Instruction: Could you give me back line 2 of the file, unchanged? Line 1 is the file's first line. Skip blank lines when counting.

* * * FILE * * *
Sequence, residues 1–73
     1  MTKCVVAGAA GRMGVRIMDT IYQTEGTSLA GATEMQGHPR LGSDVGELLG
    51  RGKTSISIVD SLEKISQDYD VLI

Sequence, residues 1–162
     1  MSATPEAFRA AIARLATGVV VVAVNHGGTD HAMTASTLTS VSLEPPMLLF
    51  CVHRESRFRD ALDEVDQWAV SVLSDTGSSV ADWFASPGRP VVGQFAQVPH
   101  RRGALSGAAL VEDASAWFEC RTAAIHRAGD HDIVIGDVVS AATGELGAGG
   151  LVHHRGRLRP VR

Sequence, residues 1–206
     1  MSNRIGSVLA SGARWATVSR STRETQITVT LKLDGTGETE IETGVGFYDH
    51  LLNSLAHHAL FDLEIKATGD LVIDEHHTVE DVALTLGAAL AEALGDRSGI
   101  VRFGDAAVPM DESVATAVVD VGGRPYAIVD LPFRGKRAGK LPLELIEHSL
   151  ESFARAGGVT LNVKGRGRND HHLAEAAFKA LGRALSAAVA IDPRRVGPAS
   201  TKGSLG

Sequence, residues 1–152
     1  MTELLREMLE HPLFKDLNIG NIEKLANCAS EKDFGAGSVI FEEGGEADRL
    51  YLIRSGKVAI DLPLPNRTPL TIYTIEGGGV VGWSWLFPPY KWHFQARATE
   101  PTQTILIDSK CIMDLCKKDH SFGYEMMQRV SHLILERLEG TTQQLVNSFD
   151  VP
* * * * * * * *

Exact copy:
     1  MTKCVVAGAA GRMGVRIMDT IYQTEGTSLA GATEMQGHPR LGSDVGELLG